AUBURN – Mobile native Nathan Warner, a biosystems engineering student in Auburn University’s Samuel Ginn College of Engineering, has been selected as one of 80 recipients from 61 universities for a Morris K. and Stewart L. Udall Scholarship for Excellence in National Environmental Policy. Scholars were selected on the basis of commitment to careers in the environment, health care or tribal public policy; leadership potential; and academic achievement.
Warner, who is also pursuing a minor in sustainability, is strongly committed to alleviating poverty, which complements his dedication to a sustainable environment. The focus of his honors thesis is the provision of safe water and sanitation to those most affected by poverty and hunger. He is a member of the Honors College, the Committee of 19 and co-founder of the Auburn chapter of “Engineers without Borders.” Warner will use the $5,000 Udall Scholarship to fund his senior year at Auburn.
“It’s definitely an honor to be recognized with the top student leaders in sustainability from around the country,” Warner said. “Getting involved with sustainability-related student organizations has truly shaped my goals and passions in life. There are so many inspiring students involved with these initiatives that I truly believe are going to change the world. I am just blessed to be a part of these wonderful opportunities at Auburn. I have a feeling that there will be many more Udall Scholars from this university within the next few years.”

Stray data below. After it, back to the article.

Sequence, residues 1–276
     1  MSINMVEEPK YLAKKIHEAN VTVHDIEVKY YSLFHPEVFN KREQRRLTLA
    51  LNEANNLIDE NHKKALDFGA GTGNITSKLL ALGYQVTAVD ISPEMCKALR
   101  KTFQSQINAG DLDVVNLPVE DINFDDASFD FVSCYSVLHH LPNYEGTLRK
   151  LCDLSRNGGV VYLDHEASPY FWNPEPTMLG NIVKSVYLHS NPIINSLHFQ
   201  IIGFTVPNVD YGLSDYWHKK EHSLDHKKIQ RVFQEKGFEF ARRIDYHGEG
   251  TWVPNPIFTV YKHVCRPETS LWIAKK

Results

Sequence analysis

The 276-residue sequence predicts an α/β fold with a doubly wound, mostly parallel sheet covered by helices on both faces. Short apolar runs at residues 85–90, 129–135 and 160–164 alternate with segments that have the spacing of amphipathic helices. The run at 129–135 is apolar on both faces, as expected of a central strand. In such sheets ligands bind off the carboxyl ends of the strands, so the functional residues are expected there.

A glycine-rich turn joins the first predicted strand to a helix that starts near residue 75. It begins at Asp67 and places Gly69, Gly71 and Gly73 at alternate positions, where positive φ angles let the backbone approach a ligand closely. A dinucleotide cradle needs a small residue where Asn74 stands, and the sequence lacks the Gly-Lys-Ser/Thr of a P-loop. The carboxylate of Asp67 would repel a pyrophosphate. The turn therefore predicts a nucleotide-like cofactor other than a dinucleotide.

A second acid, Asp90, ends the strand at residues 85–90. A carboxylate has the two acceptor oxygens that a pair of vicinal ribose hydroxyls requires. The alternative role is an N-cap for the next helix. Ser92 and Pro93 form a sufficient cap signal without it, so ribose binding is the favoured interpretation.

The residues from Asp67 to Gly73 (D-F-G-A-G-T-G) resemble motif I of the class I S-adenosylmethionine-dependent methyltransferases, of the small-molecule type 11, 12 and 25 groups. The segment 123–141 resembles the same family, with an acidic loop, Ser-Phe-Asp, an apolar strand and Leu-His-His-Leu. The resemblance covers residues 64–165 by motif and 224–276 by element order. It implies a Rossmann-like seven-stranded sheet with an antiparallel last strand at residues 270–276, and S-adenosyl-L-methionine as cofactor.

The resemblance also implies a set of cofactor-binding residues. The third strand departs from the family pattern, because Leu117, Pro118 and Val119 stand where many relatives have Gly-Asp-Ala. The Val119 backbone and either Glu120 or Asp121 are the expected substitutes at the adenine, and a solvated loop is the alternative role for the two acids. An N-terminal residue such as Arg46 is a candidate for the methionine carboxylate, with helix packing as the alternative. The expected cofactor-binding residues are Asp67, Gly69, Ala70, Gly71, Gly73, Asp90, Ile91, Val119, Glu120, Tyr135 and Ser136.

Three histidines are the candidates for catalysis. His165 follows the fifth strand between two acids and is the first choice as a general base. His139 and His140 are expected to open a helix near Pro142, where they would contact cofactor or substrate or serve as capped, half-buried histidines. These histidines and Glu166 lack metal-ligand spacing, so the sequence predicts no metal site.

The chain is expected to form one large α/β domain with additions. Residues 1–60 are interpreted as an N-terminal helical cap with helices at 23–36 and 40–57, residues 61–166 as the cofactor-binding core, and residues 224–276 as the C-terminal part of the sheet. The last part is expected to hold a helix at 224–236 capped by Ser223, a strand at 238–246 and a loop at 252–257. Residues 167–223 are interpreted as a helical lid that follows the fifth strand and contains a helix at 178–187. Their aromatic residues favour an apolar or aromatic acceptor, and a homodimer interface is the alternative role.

“Nathan stands out as someone who has taken the lead to bring environmental and global awareness to the attention of the student body,” said Paul Harris, associate director of the Honors College. “He embodies the characteristics of a servant-leader on the Auburn campus which call us to serve a higher purpose, to work for a common good, and to seek to improve the lives of those most in need.”
This year’s class of Udall Scholars was selected from 510 candidates nominated by 231 colleges and universities. They will assemble Aug. 3-7, in Tucson, Ariz., to receive their awards and meet policymakers and community leaders in environmental fields, tribal health care and governance.
Established by Congress in 1992 to honor Morris K. Udall’s 30 years of service in the House of Representatives and enhanced by Congressional action in 2009 to honor Stewart L. Udall’s vast public service, the Morris K. Udall and Stewart L. Udall Foundation is dedicated to educating a new generation of Americans to preserve and protect their national heritage through scholarship, fellowships and internship programs focused on environmental and Native American issues.
(Submitted by Carol Nelson.)